The facts of the poem came into her “clear being…alive, and sure.” Nothing in the world was speaking to her, but she “offered” herself and her future up, and “all was well.” It’s then that she arrives at the “powerful green hill.” This last image is a memorable one. The hill could symbolize the relinquishment of control and facing the truth of the world. The “green” is a symbol of life and the “hill” as a force to overcome and/or accept. It’s powerful in its own right, and she is just one person amid many others.
The reader is likely going to be left with questions about identity, self, and self-belief, as the poet was dwelling on. What is the purpose of life? And when “you” act, do you believe in your actions?
Structure and Form
‘Then I Saw What the Calling Was’ by Muriel Rukeyser is a fourteen-line poem that is separated into one set of thirteen lines and one final line, creating two stanzas.
The poem is written in free verse. This means that the poet did not make use of a specific rhyme scheme or metrical pattern. Despite this, readers can find examples of rhyme within the piece. This includes half-rhymes, internal rhymes, and perfect rhymes.
Throughout this poem, the poet makes use of several literary devices. These include but are not limited to:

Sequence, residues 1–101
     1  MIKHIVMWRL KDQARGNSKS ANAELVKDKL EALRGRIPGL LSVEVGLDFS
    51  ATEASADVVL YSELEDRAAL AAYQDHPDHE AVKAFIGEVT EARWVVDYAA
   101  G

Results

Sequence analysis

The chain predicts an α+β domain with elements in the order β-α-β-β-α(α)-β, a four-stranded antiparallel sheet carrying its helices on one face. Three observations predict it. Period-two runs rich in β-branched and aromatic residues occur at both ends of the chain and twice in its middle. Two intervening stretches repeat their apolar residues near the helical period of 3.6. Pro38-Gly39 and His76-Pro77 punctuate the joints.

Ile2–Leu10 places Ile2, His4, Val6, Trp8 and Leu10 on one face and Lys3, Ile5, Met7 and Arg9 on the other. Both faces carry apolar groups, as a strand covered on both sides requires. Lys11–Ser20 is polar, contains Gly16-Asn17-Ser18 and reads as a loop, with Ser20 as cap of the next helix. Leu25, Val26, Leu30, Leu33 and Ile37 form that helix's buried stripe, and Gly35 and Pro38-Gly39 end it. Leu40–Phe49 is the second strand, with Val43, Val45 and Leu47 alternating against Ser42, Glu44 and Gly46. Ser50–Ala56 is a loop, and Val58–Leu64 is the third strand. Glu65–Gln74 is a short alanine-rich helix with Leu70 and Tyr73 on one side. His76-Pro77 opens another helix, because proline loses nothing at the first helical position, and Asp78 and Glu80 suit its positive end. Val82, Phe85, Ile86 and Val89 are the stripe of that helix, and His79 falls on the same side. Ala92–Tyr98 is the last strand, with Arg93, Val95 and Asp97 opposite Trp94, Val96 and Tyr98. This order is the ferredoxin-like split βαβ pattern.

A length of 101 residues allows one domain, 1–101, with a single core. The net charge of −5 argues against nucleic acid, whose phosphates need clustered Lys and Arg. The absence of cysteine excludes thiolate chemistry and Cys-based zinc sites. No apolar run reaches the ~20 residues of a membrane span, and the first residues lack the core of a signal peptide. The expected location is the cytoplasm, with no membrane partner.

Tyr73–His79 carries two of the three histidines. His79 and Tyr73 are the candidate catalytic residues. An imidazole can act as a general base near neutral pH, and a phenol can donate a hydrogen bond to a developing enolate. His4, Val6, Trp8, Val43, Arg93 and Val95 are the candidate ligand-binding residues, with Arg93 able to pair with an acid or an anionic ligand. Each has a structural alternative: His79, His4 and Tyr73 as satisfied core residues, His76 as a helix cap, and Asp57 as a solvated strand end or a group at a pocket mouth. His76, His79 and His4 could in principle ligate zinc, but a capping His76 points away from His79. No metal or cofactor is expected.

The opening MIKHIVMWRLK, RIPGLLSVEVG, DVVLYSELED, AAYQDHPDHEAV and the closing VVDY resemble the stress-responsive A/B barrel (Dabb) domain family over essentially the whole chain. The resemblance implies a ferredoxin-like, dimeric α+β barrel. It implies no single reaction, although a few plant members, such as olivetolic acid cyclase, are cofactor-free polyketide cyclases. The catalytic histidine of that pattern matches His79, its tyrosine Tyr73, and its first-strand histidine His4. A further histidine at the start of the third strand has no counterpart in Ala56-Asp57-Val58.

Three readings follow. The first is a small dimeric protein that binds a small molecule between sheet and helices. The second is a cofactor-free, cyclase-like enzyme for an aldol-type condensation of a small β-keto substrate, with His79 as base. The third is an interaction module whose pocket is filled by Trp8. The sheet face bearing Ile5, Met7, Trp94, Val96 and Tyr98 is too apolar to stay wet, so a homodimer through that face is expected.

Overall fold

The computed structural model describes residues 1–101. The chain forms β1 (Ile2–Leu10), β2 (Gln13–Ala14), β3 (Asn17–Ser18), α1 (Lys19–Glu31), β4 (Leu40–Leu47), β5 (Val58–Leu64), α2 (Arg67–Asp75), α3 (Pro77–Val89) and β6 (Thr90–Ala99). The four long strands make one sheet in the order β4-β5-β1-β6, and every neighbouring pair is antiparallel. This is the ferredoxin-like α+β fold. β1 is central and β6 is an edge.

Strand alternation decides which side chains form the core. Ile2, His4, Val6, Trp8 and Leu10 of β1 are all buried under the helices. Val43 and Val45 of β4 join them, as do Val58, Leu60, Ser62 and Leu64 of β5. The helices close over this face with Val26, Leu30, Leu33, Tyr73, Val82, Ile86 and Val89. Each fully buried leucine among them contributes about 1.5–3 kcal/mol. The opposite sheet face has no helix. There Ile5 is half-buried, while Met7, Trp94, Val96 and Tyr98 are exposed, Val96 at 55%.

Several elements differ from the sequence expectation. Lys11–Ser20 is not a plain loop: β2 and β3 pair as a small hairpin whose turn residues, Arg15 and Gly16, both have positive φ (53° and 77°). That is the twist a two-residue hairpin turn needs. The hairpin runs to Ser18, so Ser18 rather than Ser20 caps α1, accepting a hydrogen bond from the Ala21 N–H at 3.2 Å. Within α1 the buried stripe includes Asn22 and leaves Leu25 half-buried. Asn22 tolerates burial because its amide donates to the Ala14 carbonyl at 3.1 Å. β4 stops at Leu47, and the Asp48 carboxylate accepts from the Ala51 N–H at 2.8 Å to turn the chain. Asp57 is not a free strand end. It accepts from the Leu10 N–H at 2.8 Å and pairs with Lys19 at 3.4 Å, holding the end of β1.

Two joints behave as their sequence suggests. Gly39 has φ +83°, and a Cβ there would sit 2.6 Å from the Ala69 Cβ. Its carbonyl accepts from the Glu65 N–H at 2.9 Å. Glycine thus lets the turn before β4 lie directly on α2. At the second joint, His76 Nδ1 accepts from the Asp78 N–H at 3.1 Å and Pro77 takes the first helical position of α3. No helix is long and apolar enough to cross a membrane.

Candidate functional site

- Anaphora: occurs when the poet repeats the same word or words at the beginning of multiple lines. For example, “the” starts four lines throughout the poem.
- Alliteration: occurs when the poet repeats the same consonant sound at the beginning of multiple words. For example, “soon solved” in line two as well as “calling” and “clear” in lines five and six.
- Imagery: occurs when the poet uses particularly interesting descriptions. For example, “the road lay through sunlight and many voices and the marvel.”
The themes at work in this poem are those of self and identity, as well as purpose in life. The poet explores the nature of the latter through her realization that her journey is not a straightforward one. The narrative is not complete, and she has to contend with that as everyone else does.
The purpose is to explore the nature of existence and call into question one’s self-belief and the way one navigates life. The poet uses complex imagery in this poem that should challenge the reader’s conception of her purpose in writing the poem.
The speaker is the poet herself. This piece is incredibly personal, but it is still written on a level that should appeal to many different readers.
Readers who enjoyed this poem should also consider reading some related pieces. For example:
- ‘Song of the Owl’ by Henry Wadsworth Longfellow – describes the hooting of the great black owl. It taps on the themes of silence and darkness.
- ‘Postfeminism’ by Brenda Shaughnessy – a powerful poem that uses imagery to depict a woman’s experience in the world while alluding to the phases of feminism.
- ‘White Writing’ by Carol Ann Duffy -is a love poem written to Duffy’s partner, Jackie Kay. It explores how actions speak louder than words.